There are dishes that can be serve any time, for breakfast, lunch or dinner; and dasheen bush bhaji is one such dish. There are some of the dishes that I post that hold a special place in my heart because it reminds me of the good and bad times that has passed. “Rice and Dasheen Bush Bhaji” is one such dish. The thing is, people would consider eating this type of dish as “poor people food”, who knows maybe it’s still the same stigma, because that is what you ate when there was nothing else or finances were tight. I may have been ashamed of what I was eating, especially when I went to school like, bake or sada roti and whatever filling there was, perhaps with curry aloo (potato) , fried ochroes, curry saim….. but now it seems different .
Bake, to me, isn’t just bake because I now know that it, together with roti, are types of flatbread that are enjoyed in many cultures and called by different names. I’m no longer ashamed to talk about Provision and Saltfish, or Baigan Choka because it represents who I am and where I come from. Food blogging, for the past few months, has made me proud of what I eat on a day to day basis because a lot of people from around the world appreciate what I do.
We Trinis really don’t know what we have; the food we eat not only reflects us as a people, but it shows our history and how the cultures have survived, thrived, integrated and have synthesized into something totally new, innovative, and original……Trini style cooking now has an identity. Where else in the world would you get Chutney being a style of East Indian music and something to eat?Today I share with you Rice and Dasheen Bush Bhaji. Bhaji could have many meanings to us Trinidadians so I’ll have to explain; the first meaning for bhaji could be the Spiny Amaranth (Amaranthus Spinosus) which ,by the way, is called Spinach.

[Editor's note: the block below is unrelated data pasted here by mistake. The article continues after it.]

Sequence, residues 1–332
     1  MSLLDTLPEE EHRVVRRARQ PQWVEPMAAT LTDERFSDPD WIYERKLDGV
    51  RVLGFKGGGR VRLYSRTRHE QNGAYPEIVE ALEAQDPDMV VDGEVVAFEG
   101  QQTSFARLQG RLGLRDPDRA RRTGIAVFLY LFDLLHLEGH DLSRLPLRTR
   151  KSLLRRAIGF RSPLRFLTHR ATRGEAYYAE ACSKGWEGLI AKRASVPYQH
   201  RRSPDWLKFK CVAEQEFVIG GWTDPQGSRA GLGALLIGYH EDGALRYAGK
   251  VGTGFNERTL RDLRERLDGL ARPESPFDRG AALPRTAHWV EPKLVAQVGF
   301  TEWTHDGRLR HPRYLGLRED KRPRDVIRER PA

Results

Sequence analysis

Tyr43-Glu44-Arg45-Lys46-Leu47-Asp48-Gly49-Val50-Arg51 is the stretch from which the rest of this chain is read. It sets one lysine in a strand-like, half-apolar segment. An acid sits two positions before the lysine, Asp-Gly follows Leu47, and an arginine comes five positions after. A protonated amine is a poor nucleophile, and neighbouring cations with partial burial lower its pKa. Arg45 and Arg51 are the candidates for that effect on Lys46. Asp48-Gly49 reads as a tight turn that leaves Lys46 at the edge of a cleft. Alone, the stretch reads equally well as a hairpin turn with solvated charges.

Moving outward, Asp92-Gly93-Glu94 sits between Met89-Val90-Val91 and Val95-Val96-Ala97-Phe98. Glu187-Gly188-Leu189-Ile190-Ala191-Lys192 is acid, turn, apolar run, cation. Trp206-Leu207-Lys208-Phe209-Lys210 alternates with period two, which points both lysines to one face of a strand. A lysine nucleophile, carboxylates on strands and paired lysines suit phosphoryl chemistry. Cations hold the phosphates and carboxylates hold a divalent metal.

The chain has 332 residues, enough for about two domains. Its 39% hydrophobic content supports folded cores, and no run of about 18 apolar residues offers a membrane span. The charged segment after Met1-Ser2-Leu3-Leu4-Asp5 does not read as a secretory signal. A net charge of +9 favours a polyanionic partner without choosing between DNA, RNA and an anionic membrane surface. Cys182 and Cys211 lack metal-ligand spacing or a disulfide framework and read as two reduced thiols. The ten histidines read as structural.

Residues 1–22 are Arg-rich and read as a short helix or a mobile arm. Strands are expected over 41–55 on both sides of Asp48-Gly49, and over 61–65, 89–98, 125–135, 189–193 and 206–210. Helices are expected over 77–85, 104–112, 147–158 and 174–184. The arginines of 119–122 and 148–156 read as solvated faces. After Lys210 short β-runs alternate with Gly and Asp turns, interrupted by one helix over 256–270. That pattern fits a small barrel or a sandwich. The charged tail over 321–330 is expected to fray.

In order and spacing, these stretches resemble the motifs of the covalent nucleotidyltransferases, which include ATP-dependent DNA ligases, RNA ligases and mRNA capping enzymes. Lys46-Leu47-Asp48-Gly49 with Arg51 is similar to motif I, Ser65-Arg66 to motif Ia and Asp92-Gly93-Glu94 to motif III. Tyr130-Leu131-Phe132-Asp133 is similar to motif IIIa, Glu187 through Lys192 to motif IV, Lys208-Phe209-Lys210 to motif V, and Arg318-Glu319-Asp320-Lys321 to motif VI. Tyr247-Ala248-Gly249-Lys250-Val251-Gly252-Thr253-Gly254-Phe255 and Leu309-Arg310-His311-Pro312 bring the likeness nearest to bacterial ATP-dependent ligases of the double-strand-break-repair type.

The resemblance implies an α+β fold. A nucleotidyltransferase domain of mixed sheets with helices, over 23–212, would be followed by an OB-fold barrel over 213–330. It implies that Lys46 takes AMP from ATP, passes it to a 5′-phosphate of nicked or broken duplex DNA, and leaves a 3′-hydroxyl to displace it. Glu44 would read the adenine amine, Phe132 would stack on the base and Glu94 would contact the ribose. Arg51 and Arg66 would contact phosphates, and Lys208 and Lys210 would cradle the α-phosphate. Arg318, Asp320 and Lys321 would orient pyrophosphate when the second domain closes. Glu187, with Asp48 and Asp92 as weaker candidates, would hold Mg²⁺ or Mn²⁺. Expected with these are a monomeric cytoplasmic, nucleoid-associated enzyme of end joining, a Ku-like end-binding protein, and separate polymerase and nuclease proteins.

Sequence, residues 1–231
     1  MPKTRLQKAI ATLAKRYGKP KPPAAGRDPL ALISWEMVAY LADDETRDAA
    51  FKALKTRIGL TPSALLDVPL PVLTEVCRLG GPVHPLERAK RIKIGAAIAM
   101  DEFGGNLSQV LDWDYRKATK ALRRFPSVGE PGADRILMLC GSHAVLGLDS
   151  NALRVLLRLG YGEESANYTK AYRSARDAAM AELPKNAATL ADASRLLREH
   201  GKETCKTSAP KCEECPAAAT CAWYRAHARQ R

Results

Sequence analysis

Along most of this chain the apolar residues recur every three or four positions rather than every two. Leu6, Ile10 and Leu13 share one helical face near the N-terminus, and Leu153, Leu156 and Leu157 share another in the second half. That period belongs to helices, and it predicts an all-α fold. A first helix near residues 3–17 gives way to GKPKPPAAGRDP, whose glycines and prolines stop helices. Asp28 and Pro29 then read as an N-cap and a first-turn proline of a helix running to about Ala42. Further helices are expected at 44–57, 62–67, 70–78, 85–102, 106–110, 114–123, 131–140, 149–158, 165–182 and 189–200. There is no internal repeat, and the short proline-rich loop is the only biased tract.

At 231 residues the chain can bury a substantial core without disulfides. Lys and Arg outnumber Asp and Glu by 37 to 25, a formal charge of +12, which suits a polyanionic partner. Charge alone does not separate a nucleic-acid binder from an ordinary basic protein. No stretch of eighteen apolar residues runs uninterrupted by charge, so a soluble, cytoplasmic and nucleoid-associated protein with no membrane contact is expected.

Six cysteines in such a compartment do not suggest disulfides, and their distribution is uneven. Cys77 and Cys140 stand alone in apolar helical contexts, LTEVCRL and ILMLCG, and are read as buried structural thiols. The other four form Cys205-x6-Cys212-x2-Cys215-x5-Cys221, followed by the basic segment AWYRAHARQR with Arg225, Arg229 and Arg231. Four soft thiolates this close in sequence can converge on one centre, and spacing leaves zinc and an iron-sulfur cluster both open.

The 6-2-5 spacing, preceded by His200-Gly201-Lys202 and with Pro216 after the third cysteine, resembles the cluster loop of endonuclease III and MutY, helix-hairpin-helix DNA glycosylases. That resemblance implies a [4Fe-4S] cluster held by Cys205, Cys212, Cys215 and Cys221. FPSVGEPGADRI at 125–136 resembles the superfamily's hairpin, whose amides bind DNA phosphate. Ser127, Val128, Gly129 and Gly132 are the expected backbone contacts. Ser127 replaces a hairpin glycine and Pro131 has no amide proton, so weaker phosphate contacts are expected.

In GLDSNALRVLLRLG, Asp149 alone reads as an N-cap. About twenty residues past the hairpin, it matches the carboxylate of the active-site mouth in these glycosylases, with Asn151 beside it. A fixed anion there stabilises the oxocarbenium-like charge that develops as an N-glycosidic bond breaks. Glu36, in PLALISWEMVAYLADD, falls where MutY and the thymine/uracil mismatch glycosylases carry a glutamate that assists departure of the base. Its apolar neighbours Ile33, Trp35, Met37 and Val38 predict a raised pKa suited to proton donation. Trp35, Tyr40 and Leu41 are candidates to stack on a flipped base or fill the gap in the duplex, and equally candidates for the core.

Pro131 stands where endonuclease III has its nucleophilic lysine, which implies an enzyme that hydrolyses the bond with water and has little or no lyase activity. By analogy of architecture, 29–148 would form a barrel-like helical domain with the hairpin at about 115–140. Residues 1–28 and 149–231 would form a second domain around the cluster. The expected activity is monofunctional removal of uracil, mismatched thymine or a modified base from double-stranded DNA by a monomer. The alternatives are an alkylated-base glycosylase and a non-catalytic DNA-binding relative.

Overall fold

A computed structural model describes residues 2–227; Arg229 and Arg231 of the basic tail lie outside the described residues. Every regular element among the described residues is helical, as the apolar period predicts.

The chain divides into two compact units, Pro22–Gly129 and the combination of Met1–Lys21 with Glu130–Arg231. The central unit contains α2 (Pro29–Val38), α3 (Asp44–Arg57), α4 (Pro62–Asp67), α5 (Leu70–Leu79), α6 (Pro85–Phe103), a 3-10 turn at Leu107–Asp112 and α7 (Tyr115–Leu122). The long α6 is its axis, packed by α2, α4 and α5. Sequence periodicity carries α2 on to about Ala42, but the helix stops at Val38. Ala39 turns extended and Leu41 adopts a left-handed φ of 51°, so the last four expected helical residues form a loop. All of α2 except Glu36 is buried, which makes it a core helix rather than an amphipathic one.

Another could be a variety of leafy green plants that include Spinach, Agooma, Dasheen bush etc. but the best description I could come up with is : a stir fry of green leaves from certain plants (agooma, spinach, pak choi etc.) seasoned to taste. But even this doesn’t quite explain dasheen bush bhaji because, unlike the other leaves, dasheen bush “melts”; you’ll see what I mean. To add to the confusion my wife calls this stewed dasheen bush and adamantly says I should change the title of the post. Well that will have to be another story because I’m not going there at all and if it does start I won’t be able to finish the post and we can’t have that can we?
Dasheen bush (taro leaves – Colocasia esculenta) has been a staple in our diet and each culture has used it in one way or another making from saheena to callaloo. Other than the leaves, the corm is one of the main provision found in any soup, boiled by itself , or together with the other provision like cassava ,yam, cush cush etc. With this dish you could add any kind of meat but I personally like to eat this with either saltfish or pigtail, the real traditional way. Whether it’s called dasheen bush bhaji or stewed dasheen bush we all agree that the steps are the same, no arguing there finally. Here’s Rice and dasheen bush bhaji or stewed dasheen bush…….between you and me you know it’s dasheen bush bhaji, right?
RICE AND DASHEEN BUSH BHAJI
2 bundles rolled dasheen bush *
1/2 lb pigtail chopped into 1″ pieces (optional)
1pk coconut milk package (50g / 1.8oz) diluted in 2 cups of water or 2 cups of coconut milk
4 cloves garlic, chopped
1 small onion, chopped
Celery, finely chopped
1 sprig of chive, finely chopped
Pepper to taste
Salt to taste
*The centre leaf is curled and tender, so this is the best to use
Chop and pressure cook the pigtail.
(If you wish to use saltfish, cook, clean, remove the bones, and break it into flakes.)
Chop and wash the dasheen bush. Remember to always cut off the tips. Cook the onion, garlic and pimento.
Add the pigtail (or the saltfish). Add the dasheen leaves, and other seasoning. Stir in the coconut milk. Cover and leave to simmer until most of the liquid is evaporated. Add salt to taste.
The cooked dasheen bush is ready to be served. That’s it for another post. See you later!